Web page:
Chapter Eleven-A~El. Bkstrk. Part One
The Home Pool
Progressions for Kick With Back Float
1--Review the Elementary Backstroke kick holding onto pool side from either prone or supine position as described in Chapter Eleven~A. Perform kick at least 5 X in succession.
2--In shallow water with back facing open pool perform tuck against pool wall as shown in Chapter Eleven~A and GENTLY straighten out legs. Be sure head is back and stomach is pushed up slightly in order to maintain the float.
3--Having a good float position, perform Elementary Backstroke KICK ONLY--arms remain at side of body.
4--Say, "UP, AROUND, TOGETHER, GLIDE," as you kick across width of pool. Practice kick in this manner until able to go at least twenty feet or across entire width maintaining good float position. (As cautioned previously, if it's necessary to swim lengths, have someone tap you before you accidentally move into deep water.)
When comfortable with the cadence or rhythm of the kick, proceed with the following tasks: (First practice without the kick until mastered.)
1--In a standing position, with arms at sides place palms against thighs.
2--Bend elbows while moving hands up along sides of body to mid-chest height.
3--Move arms straight out from both sides of body--hands pointing away from torso. (See illustration below.)
4--With a hard downward press, bring hands back down to thighs again.
5--Practice 1 through 4 at least 5 X or until performed smoothly and with ease.
6--Cadence for the armstroke: "UP, OUT, DOWN, GLIDE."
After mastering a smooth, but deliberate armstroke, perform a back float with the arm stroke. Do not yet practice with the kick.
1--At pool side perform tuck as before and straighten out into a back float.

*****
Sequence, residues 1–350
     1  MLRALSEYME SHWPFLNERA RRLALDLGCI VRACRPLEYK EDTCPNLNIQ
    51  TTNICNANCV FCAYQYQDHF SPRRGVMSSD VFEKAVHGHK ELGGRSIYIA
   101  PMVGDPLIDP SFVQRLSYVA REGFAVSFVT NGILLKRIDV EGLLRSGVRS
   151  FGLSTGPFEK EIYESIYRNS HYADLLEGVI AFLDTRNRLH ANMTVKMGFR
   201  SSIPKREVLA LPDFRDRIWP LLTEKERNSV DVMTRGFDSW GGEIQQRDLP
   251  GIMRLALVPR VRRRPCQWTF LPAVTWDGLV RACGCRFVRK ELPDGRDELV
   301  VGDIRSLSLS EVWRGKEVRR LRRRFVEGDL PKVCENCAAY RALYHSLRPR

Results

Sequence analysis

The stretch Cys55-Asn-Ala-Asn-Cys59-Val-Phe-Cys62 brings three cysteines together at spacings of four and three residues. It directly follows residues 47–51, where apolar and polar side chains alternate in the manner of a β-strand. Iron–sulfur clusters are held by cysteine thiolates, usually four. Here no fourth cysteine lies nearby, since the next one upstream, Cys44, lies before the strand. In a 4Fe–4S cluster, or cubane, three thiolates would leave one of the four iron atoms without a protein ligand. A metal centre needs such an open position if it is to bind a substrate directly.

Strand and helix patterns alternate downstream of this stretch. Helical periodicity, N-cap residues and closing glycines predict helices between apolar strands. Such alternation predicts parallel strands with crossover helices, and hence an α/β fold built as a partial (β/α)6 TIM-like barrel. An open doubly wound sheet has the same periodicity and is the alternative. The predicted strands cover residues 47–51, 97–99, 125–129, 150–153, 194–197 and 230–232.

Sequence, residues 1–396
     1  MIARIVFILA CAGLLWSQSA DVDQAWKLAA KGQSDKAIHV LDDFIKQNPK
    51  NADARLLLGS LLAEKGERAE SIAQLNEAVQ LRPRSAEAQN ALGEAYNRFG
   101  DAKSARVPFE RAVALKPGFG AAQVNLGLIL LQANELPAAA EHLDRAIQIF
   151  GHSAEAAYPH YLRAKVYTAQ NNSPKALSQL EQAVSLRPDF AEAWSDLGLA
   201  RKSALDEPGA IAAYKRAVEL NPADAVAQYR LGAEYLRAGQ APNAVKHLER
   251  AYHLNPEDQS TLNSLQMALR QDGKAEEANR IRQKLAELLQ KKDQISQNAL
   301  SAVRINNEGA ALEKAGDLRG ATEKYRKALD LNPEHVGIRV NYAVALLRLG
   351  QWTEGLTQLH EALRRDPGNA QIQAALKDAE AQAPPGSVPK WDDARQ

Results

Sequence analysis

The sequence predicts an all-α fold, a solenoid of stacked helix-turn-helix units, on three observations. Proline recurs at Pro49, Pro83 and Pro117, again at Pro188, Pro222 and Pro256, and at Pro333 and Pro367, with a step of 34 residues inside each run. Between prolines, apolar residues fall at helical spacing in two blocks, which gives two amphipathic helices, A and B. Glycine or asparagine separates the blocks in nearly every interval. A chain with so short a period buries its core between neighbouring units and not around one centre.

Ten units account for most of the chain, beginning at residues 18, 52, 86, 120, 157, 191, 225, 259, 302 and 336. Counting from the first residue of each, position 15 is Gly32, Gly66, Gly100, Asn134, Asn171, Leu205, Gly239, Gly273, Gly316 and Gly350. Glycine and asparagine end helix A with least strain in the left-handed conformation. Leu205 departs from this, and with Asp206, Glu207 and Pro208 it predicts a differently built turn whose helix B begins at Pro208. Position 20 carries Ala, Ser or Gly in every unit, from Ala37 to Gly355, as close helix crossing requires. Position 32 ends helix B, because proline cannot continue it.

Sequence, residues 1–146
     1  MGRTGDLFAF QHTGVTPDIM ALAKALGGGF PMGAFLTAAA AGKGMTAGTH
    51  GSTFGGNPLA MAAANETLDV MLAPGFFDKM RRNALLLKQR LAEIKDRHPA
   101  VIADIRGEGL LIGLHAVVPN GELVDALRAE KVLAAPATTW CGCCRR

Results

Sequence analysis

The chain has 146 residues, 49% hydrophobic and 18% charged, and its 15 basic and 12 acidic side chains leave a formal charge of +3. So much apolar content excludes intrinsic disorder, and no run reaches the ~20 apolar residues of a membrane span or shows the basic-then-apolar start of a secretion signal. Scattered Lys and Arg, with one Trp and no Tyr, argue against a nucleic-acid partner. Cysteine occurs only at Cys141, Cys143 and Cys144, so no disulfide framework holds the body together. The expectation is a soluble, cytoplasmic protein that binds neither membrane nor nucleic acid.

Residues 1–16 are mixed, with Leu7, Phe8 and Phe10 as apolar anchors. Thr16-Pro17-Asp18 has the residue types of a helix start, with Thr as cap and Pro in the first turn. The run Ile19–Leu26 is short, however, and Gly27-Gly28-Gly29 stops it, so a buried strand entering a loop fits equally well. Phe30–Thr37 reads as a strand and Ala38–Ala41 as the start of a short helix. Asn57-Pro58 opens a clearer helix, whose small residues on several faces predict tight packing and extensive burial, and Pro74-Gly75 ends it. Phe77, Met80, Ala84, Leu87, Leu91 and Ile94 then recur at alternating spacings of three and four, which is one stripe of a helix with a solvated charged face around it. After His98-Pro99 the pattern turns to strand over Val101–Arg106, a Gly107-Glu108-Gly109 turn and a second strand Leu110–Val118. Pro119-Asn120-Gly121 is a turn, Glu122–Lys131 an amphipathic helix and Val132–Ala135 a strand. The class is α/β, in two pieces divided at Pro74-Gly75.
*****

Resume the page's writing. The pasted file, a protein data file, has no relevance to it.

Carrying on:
2--With arms at sides and palms against thighs, begin the arm stroke by moving hands up sides to chest height.
3--Bring arms up, out, and away from body, then forcefully bring them down to thighs.
4--Glide until body slows and then then repeat the stroke. Perform float, stroke and glide at least 5 X or until mastered.
5--Perform float, stroke, glide consecutively, at least 5 full strokes or for at least 20 feet. DO NOT FORGET THE CADENCE: UP--OUT--DOWN--GLIDE!!
As you've probably guessed, the next step is putting the kick and arm movement together. Arms and legs must move at the same rate. The cadence for both together is similar. Beginning with the glide, it's "GLIDE; UP; OUT; TOGETHER; GLIDE....UP, OUT, TOGETHER, GLIDE...etc...
1--Unable to maintain float with kick or stroke. This is a common problem when first putting the kick and arm stroke together. Your concentration is either on performing the kick or the stroke, therefore, it's easy to forget about pushing the tummy up and keeping the head back. Often, pupils bend forward at the waist or lift up their heads without realizing it. To remedy this, go back to the tuck position, push off side and practice maintaining a good float. Float to a count of 30, then do the KICK ONLY for at least 20 feet. If the float is maintained while doing the kick, then perform the STROKE ONLY for 20 or more feet. Do this several times across pool width, or the length in shallow water. Finally, perform the kick and arm stroke together for at least 20 feet.
2--Knees showing above water surface.This is quite common. Bending forward slightly at waist is the cause. Many cannot understand why this occurs if their head is back. But it's still possible to bend forward at the waist even when the neck is arched back. Concentrate on keeping upper body, especially the torso, straight and flat on the water's surface.
3--Remaining in one place, or having no backward progression.This is due either to ineffectual downward arm movements; or having little or no circles formed by the legs. It may also occur if legs are not going out and coming back together hard enough. Pupils may perform the moves perfectly but are merely letting the arms and legs "float" through the correct kicks or strokes. In swimming as in most sports, hard, strong and definite dynamics are essential to good performance. Sometimes ineffectual moves are due to aqua phobia. Water-Shy pupils are often reticent about performing strokes and kicks definitively while learning new swim moves. With practice, self confidence is gained and timidity gradually fades away. The important thing here is that pupils RECOGNIZE that they are holding back. After realizing this, those who are still "remaining in one place" should have an experienced swimmer or lifeguard watch them perform the Elementary Backstroke and to let them know if their kicks and arm strokes are moving correctly.
The Home Pool
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